Tuning your server configuration

Computers have a finite amount of resources (including CPU power, memory, and disk space). Hosting companies allocate these resources differently according to the common uses of the servers they maintain. The Acquia Cloud platform optimizes resources for hosting Drupal applications. Acquia’s mission is to provide the best Drupal hosting platform, while also recognizing the need to allow for customization. Acquia’s server tuning formula provides a balance of stability, performance, and customization.

To understand server tuning, it is important to understand these key concepts:

  • PHP process - A PHP process is used whenever a page request reaches a web server. One PHP process is required for each page request
  • Memcache - A system used to store Drupal’s cache tables in server memory, rather than on the hard drive
  • Opcode cache - A PHP caching layer, OPcache, which speeds up code execution time by caching compiled PHP
  • PHP memory - Memory reserved for a PHP process to store variables and use when computing

Acquia tunes servers to allocate half the memory for the database (or less, in the case of multitier Acquia Cloud Enterprise instances) and 200MB for the operating system. The remaining memory can be allocated among Memcache, opcode caching, and PHP.

Docroots and PHP processes

The Acquia Cloud platform hosts servers using Amazon’s EC2 infrastructure. The processing power of EC2 servers is measured in units called Elastic Computing Units (ECUs). As a general rule, it is best to run no more PHP processes per docroot than three times the ECU of the server.

By default, Acquia Cloud provisions each application with three environments: Development, Staging, and Production. This means a server running three applications must support nine docroots. While these environments will share some resources, like CPU and MySQL memory, as needed, other resources like PHP processes have per-environment and per-server limits which help ensure overall hosting stability. These limits cannot be modified to allocate more or fewer processes to a single environment.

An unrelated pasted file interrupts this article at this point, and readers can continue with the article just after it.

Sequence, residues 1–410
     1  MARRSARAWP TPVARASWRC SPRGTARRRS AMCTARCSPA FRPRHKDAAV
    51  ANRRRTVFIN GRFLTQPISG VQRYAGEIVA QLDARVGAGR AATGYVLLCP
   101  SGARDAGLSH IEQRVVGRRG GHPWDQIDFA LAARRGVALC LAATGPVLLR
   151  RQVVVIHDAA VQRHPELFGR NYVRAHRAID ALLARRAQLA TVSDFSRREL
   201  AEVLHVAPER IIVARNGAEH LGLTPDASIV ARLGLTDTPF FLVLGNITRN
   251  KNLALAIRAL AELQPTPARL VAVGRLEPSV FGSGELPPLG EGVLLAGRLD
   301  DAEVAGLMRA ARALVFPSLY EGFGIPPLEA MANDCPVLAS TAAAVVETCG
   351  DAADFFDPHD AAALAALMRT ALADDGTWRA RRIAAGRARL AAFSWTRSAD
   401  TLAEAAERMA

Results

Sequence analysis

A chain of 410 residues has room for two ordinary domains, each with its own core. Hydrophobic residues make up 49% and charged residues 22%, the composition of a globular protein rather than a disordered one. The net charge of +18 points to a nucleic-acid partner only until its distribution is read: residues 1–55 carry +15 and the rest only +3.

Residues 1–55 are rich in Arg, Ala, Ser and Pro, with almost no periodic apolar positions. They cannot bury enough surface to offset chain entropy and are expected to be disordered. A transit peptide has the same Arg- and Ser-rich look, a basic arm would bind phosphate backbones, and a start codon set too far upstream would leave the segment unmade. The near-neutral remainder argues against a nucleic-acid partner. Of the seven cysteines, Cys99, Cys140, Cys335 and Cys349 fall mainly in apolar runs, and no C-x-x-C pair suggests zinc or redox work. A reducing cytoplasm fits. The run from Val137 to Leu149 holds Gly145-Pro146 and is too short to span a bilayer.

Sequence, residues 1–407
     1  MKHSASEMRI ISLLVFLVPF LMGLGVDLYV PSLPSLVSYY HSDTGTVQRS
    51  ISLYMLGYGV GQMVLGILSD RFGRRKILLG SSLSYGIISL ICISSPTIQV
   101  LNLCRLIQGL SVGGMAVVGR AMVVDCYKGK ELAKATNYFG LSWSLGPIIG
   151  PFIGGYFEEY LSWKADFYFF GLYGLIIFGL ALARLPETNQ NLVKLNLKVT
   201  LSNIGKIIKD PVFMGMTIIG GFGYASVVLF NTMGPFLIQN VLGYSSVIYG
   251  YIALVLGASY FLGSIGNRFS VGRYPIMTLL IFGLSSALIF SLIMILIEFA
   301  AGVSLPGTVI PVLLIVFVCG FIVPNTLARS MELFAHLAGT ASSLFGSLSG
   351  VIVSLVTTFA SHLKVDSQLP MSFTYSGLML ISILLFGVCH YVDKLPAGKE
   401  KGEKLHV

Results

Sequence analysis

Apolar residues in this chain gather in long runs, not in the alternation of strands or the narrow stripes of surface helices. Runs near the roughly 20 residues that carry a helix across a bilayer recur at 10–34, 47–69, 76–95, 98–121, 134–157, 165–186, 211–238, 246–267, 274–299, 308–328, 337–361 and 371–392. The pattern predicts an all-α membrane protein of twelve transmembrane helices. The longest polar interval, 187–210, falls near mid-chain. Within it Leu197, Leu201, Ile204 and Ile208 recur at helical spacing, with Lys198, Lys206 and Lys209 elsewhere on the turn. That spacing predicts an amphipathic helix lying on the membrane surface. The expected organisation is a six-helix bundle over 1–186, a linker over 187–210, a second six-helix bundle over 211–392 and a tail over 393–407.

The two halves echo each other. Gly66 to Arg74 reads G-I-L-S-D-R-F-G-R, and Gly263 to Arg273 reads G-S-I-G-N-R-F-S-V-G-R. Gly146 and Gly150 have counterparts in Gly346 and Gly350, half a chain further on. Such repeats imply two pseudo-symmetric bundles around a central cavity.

PHP process limits will be reduced server-wide if more environments are added to your server, or if any memory limits (PHP, opcode cache, Memcache) are increased beyond their default values. As a result, we strongly recommend that customers carefully consider the impact of these changes to existing applications before making them.

When you are deciding how big a server you need to purchase, it is important to make sure that you will have at least one available PHP process per docroot. The more PHP processes a docroot is allocated, the greater the number of simultaneous page views the server can handle. When a server does not have an available PHP process for a page request, a 503 “Service Unavailable” error is returned to the visitor. On an Acquia-hosted application, the 503 error page looks like this:

503 error page


Acquia Cloud replaces all HTTP 500, 501, 502, 503 and 504 status code responses served to visitors of your production environments with a generic 503 Service Unavailable response. This prevents the production environment from leaking error message information.

To assist with troubleshooting during development, non-production environments pass all 50x HTTP status codes through the load balancers back to the requesting client without any replacement.

When a Drupal application receives a page request, but there are no PHP processes available or able to be spawned to handle it immediately, the application skips the spawn request and waits for a process to become available. This is called skip-spawning. After a while, the application stops waiting to handle the request and the request fails with a “Temporarily Unavailable” message.

If your application experiences frequent 503 errors caused by skip-spawning, you have two primary options for increasing the number of available PHP processes:

  • Optimize the code running the application
  • Purchase larger hardware

While purchasing larger hardware is an immediate solution, there are circumstances where inefficiencies in the application code prevent larger hardware from yielding benefits. It is always a good idea to attempt to optimize an application, even if you wind up purchasing larger hardware. For more information about optimizing your applications, see Improving application performance.

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